The Flypaper Offense

In a conversation recently, an interesting phrase -"flypaper strategy"- was used to describe Iraq and Afghanistan. Out of that idiom came a fairly heated argument over whether or not we are employing this flypaper method to attract terrorists into an arena where there are plenty of American military and not a whole lot of American civilians.

To call either the Iraqi or Afghani theatre a "flypaper strategy" would be a misnomer. The word strategy implies that our intentions from the very genisis of Operation Iraqi Freedom were to spawn the tough insurgency that we have been fighting. Our strategy was to win, pacify, and democratize, not to attack and occupy.

But to call the military's posturing in Iraq a "flypaper offense" would be perfectly reasonable. Critics say that the coalition is bogged down, when in fact the real victim of quagmire is the insurgency . Composing of mostly foreign fighters, fighting a terrorist war with no purpose other than to kill, the insurgency has opened a conflict that it can only win through our own decision to withdraw and lose. We have freedom of movement and of choice. The terrorists do not.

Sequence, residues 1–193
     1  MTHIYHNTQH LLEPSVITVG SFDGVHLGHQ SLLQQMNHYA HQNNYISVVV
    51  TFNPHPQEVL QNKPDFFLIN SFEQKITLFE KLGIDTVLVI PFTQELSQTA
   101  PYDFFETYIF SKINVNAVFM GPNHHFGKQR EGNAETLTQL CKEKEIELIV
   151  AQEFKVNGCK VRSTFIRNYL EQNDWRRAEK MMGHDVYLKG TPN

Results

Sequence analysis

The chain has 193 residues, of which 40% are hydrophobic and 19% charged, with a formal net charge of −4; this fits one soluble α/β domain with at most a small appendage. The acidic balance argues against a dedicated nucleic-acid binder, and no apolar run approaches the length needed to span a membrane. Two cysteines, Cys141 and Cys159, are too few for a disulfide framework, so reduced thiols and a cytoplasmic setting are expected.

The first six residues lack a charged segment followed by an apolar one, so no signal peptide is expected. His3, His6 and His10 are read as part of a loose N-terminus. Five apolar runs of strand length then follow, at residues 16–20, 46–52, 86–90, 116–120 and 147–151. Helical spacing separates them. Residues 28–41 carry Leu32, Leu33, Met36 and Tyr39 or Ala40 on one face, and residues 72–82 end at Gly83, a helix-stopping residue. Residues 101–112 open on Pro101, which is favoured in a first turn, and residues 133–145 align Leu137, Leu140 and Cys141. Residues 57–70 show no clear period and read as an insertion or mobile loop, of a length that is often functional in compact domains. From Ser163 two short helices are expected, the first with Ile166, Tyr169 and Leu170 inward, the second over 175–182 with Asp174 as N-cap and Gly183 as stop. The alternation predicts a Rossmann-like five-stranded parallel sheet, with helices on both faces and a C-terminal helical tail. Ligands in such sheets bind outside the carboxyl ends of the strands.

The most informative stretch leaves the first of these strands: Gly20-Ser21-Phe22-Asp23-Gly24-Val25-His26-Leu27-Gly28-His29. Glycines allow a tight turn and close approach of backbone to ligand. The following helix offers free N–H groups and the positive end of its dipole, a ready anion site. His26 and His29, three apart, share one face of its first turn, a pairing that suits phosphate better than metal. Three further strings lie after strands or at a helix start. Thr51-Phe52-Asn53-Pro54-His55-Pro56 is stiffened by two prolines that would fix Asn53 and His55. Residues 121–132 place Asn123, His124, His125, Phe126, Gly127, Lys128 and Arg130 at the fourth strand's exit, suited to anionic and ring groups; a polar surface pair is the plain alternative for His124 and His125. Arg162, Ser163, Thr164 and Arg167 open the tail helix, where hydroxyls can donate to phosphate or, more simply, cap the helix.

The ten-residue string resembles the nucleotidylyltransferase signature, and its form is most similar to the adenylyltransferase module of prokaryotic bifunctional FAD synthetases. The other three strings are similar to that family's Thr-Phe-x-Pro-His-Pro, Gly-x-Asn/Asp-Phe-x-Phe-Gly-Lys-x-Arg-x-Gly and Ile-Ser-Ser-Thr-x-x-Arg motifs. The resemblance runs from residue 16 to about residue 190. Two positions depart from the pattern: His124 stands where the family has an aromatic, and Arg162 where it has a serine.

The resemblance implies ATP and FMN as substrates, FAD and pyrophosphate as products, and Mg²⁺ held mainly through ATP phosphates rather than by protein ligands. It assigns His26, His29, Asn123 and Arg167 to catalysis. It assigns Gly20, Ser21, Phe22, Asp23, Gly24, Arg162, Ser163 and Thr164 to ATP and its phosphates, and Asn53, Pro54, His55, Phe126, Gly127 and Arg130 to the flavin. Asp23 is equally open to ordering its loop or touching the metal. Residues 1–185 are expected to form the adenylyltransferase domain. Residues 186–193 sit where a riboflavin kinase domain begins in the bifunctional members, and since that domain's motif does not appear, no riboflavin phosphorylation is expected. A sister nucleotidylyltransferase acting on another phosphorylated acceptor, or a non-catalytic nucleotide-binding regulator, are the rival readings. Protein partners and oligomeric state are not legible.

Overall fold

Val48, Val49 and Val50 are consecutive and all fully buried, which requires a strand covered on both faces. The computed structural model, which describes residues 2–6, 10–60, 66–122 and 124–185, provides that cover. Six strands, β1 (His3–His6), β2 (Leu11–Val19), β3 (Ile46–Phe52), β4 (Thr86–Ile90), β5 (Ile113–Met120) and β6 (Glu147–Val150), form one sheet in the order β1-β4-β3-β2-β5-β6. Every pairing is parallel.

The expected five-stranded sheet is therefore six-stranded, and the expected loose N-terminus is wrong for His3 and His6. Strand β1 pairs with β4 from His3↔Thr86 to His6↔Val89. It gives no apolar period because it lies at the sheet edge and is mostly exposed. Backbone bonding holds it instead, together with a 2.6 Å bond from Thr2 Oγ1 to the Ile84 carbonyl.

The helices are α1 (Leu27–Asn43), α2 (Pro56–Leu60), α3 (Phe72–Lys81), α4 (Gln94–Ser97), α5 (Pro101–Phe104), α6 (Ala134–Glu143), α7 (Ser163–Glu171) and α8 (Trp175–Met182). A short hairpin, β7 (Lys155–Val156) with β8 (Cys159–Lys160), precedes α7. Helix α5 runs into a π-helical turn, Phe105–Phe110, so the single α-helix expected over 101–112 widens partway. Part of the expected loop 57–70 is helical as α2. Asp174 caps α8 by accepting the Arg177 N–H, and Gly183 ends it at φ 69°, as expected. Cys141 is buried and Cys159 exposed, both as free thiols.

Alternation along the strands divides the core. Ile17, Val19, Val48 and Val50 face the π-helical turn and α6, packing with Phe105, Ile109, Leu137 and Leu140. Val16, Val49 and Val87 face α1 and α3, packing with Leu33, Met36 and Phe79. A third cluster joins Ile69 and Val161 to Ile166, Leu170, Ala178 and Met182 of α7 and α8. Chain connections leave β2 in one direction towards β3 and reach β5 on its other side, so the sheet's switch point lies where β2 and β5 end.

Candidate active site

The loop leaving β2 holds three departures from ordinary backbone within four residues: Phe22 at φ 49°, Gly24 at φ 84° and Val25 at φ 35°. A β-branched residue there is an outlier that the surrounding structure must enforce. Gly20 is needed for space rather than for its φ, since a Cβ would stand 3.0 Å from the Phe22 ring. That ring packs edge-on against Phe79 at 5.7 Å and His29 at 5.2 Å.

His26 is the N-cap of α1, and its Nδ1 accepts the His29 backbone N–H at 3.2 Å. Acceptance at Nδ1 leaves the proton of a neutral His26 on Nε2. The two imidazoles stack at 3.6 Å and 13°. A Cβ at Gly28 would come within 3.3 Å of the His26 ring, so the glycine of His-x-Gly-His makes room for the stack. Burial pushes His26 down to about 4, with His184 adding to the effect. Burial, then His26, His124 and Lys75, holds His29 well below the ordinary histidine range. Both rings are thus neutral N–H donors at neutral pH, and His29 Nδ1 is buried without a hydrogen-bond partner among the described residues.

Insurgents enter Iraq, become ceaselessly occupied with killing without rhyme, reason, or strategy, and eventually make themselves conspicuous enough that coalition finds them and deals with them. An insurgent's chances of leaving Iraq alive are substantially lower than American soldier's chances of leaving Iraq alive.

Thus the insurgents become "stuck without strategy" while the coalition serves as the swatter. This may not have been a "flypaper strategy," but a "flypaper offense" is a superb narrative for the ongoing coalition operations.

Flypaper Offense may not prevent another 9/11. It may not prevent Al Qaeda from penetrating our borders again. But it sure to hell has the jihadists' watching their backyard, as opposed to our own.


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